How Washington's Terry McLaurin has become a 'special, special player'

ASHBURN, Va. -- He has caught long passes for touchdowns and turned short ones into long gains, once busting between two defenders to grab a pass before turning and sprinting for another long score. It's the reason Washington Football Team's Terry McLaurin has turned himself from a third-round pick projected to play special teams into one of the NFL's top young wide receivers.

And yet the play that jumps out to McLaurin highlighted his speed, but someone else had the ball. When he chased down Dallas Cowboys linebacker Jaylon Smith after an interception, tackling him at the 4-yard line, it allowed the defense to hold the Cowboys to a field goal in a Thanksgiving Day win. It also summed up McLaurin. He called it the play he is most proud of this season.

A week earlier, he helped open a running lane by performing another gritty chore: blocking down on a Cincinnati Bengals defensive end. McLaurin stayed with him as the end tried to maneuver around him; teammate running back Antonio Gibson found an opening.

"It's those effort plays I really enjoy," he said, "because they make a big impact on our team. Dirty work is still something I hang my hat on. It's cool to score touchdowns and make big plays, but running guys down and making big plays for our running backs is even more fun."

While that might be true, and it partly explains why he has become a captain in his second season, McLaurin is getting noticed for those catches, big plays and touchdowns. This season, he ranks fifth in receiving yards (963), 11th in catches (69) and second in total yards after the catch (445). Of the players who have caught at least 50 passes, he ranks sixth with 23.2% of them going for 20 or more yards, according to ESPN Stats & Information.

In two years, he has caught 127 passes, with 10 going for touchdowns, despite playing with five different quarterbacks.

"If he were coming out now, he's definitely be a first-round pick," Washington coach Ron Rivera said.

McLaurin's production has been both helped and hurt by his surroundings. Washington lacks another proven wideout and that has reflected in his numbers: McLaurin has been targeted 100 times and the six other wideouts who have played for Washington this season have combined for 97 targets.

But he also attracts extra attention from defenses. If McLaurin wanted to remain productive, he had to expand his game. He has done that by working on his routes and learning new spots.

In 2019, he caught 13 passes from the slot. This season, he has 23 from the slot.

Before the season, receivers coach Jim Hostler told McLaurin being able to run routes from all three spots was the difference between catching 60 to 80 passes or possibly 100.

"It gives a versatility to our offense and it allows me to see defenses from a different perspective," he said.

McLaurin likes running routes inside because he has more options; defenders must respect potential cuts inside or outside because he has run each successfully. As an outside receiver, he likes the one-on-one matchups, which have not been as numerous as last season.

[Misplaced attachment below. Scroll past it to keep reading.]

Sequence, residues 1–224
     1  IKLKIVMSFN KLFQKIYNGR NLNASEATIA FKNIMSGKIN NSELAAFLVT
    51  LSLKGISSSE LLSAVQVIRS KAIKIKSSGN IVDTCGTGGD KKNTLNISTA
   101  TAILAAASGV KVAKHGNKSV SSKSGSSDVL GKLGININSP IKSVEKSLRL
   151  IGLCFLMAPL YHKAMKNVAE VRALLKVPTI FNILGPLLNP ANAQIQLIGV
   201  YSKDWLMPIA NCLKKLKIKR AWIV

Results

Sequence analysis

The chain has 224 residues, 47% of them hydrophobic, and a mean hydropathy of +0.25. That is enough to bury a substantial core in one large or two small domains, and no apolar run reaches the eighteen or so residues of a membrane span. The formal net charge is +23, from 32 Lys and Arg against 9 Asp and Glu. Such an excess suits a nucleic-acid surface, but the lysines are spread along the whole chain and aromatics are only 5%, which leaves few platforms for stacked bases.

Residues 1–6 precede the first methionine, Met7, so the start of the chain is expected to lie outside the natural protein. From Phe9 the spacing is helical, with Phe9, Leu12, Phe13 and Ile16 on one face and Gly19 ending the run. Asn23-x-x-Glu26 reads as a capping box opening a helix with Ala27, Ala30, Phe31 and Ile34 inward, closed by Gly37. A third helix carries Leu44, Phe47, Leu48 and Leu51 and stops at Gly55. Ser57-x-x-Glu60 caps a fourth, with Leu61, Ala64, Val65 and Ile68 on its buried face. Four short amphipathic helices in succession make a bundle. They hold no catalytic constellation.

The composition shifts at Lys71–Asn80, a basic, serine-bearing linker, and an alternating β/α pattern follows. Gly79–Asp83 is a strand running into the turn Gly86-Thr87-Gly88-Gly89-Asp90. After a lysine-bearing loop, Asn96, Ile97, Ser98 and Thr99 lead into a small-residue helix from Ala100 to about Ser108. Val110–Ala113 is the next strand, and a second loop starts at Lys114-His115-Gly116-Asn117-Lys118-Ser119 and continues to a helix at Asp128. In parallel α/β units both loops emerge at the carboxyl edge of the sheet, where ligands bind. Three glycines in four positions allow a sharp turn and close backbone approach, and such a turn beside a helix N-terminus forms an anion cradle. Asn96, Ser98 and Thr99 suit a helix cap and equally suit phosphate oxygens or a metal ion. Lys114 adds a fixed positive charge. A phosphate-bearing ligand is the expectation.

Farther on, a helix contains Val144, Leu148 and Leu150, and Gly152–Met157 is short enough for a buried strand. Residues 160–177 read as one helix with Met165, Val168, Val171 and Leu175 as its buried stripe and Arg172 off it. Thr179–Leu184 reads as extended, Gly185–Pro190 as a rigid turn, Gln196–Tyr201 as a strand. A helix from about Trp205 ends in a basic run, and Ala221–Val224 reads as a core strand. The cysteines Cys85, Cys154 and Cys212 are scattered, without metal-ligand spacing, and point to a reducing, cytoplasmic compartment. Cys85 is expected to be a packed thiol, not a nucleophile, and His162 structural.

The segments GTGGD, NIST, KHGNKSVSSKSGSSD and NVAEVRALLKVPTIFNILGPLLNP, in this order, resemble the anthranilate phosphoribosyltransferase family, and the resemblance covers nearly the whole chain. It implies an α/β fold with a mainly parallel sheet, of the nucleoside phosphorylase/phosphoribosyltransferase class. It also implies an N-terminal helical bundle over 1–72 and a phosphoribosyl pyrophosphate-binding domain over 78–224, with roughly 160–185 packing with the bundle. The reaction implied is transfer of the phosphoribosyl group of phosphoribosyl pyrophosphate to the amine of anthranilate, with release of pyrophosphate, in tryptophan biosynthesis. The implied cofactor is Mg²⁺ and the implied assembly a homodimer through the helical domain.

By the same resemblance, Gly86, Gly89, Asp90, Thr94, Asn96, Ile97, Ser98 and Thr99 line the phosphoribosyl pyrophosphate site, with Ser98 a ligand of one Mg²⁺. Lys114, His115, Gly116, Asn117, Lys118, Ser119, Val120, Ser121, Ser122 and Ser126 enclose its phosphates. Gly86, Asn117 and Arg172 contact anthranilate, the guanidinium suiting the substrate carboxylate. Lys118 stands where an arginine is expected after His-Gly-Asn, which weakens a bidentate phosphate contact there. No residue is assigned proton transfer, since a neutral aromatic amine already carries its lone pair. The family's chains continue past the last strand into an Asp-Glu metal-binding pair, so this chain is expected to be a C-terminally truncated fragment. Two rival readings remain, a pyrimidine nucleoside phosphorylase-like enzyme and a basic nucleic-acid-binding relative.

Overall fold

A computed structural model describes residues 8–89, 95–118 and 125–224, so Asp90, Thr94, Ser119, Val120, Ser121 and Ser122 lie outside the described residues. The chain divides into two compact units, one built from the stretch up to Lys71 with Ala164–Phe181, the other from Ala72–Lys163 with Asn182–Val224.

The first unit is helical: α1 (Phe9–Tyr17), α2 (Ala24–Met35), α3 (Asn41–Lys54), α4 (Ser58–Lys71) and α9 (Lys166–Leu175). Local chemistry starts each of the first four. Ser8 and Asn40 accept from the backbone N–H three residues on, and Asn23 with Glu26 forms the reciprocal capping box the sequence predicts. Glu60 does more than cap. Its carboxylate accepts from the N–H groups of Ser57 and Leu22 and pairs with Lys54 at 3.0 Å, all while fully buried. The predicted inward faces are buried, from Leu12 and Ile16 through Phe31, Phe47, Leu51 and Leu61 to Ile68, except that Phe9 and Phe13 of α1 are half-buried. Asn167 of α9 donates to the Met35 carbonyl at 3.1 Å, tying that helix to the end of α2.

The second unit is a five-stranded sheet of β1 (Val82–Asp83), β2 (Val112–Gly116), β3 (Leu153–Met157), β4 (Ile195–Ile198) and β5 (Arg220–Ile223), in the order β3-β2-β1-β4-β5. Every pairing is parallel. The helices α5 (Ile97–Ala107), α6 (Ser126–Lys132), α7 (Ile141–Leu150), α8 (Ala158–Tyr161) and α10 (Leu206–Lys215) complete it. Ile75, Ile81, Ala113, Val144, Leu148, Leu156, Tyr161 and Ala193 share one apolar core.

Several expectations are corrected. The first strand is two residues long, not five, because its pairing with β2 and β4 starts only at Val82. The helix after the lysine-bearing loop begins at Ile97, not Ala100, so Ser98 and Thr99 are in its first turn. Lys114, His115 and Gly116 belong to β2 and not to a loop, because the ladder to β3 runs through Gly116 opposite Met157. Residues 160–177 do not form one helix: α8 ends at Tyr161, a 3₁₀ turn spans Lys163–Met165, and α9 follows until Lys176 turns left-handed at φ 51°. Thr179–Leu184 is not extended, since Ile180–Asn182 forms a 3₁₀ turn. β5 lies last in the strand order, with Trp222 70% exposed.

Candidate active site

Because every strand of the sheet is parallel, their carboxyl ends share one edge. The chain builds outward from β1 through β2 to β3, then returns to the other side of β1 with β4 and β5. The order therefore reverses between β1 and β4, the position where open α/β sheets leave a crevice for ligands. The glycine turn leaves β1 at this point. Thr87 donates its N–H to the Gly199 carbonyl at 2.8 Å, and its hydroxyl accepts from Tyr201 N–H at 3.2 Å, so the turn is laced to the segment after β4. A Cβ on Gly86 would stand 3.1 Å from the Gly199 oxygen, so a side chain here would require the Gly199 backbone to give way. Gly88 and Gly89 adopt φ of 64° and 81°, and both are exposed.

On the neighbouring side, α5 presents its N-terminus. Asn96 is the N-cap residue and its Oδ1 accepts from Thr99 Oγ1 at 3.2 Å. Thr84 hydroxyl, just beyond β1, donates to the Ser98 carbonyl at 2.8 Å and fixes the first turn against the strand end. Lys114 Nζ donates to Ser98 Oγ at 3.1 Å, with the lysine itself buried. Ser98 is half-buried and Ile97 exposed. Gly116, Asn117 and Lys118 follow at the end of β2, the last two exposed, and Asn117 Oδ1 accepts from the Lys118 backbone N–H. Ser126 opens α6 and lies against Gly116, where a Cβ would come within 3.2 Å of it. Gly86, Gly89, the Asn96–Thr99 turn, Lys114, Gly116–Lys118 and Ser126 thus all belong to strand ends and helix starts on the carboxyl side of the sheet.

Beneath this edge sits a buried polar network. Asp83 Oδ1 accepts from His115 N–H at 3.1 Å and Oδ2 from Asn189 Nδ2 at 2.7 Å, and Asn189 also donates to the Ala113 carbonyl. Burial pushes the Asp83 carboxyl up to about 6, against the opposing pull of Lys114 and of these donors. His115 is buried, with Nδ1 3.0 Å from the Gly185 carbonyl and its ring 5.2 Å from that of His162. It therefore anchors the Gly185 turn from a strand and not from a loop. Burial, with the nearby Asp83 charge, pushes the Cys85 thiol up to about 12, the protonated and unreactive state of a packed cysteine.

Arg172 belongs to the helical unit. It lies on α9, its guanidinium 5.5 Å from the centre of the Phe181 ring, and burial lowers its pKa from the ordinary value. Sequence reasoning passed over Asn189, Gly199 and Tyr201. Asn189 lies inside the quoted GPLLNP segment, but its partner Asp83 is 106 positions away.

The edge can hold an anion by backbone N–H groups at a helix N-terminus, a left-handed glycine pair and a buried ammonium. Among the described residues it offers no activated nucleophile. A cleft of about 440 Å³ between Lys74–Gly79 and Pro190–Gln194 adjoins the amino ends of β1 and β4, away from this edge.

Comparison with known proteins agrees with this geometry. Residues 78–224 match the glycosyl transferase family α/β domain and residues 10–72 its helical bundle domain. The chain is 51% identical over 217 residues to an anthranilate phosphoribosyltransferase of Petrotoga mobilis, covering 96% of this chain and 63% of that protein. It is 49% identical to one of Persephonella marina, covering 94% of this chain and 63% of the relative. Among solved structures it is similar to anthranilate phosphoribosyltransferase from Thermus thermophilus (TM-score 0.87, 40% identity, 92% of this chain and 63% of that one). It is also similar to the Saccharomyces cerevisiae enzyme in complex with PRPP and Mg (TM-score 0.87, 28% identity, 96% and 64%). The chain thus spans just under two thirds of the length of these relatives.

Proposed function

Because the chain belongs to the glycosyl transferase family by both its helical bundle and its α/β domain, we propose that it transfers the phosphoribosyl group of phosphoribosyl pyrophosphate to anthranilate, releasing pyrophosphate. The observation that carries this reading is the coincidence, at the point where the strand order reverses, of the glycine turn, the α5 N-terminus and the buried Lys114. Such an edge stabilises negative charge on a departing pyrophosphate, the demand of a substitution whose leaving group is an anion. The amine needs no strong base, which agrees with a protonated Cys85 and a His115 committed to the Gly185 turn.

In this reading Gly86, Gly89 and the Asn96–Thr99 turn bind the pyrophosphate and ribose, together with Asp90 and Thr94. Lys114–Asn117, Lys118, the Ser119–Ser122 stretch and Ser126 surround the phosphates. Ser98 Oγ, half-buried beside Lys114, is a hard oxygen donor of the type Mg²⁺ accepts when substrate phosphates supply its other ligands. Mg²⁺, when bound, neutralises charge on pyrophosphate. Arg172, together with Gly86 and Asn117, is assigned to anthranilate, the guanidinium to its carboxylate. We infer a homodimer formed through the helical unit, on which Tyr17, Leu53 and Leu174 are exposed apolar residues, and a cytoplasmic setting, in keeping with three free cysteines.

"It's his quickness, his suddenness," Washington cornerback Kendall Fuller said, "his ability to make tough catches. Just a student of the game."

McLaurin long ago surpassed expectations by taking the same approach he has used for years. When he attended a football camp at Ohio State, then-coach Urban Meyer told him he wasn't yet ready for a scholarship offer. He told McLaurin to go home and catch 200 passes a day. That's what he did. Two weeks later, he attended another Ohio State camp and left with a scholarship.

Before his senior year, McLaurin practiced catching contested passes from a Jugs machine. He credited Buckeyes receivers coach Brian Hartline for helping him improve as a route runner -- and for focusing on hand-eye coordination, helping eliminate drops. McLaurin has been credited with two drops in the NFL, according to ESPN Stats & Information.

He showed quick improvement as a rookie, too. In spring practices, he struggled to create separation vs. the veteran defensive backs. One of them, Dominique Rodgers-Cromartie told him he was running his routes at the same speed so he knew where he was going. When McLaurin returned for training camp, he had sharpened his route running and became the talk of the summer.

It's no surprise to hear Rivera say he'll see McLaurin in practice almost talking to himself, using his hands to run the route.

"You can see him going through in his mind," Rivera said. "He'll sit there and all of a sudden he'll do something like this and you know he's thinking about his release or he's thinking about widening that defender."

He worked on his transition in and out of routes during the offseason, saying he wanted them cleaner. He wanted his body language to improve so he wasn't tipping off routes.

There's a reason he has become a leader at a position that often lends itself to individualistic thinking.

"He's obviously very strong and fast," Washington offensive coordinator Scott Turner said. "He can separate. He's getting better at the techniques of just route running. That leadership stuff has really just come about naturally because he's built so much trust with his teammates, and then they have such respect for him based on the work that he puts in and the production that he has."

McLaurin said he is not fueled by any draft-day slights, nor does he worry about his standing with other receivers. Teammates say he just wants to win.

"He's extremely talented, but that competitiveness when it kicks in -- you can see it in his eyes," Washington quarterback Alex Smith said. "He's a guy that you want to get the ball to in those situations. He's grown into really accepting that role.

"It's going to be tough for me to come up with all the great adjectives I'd like to come up with to describe Terry. He's a special, special player."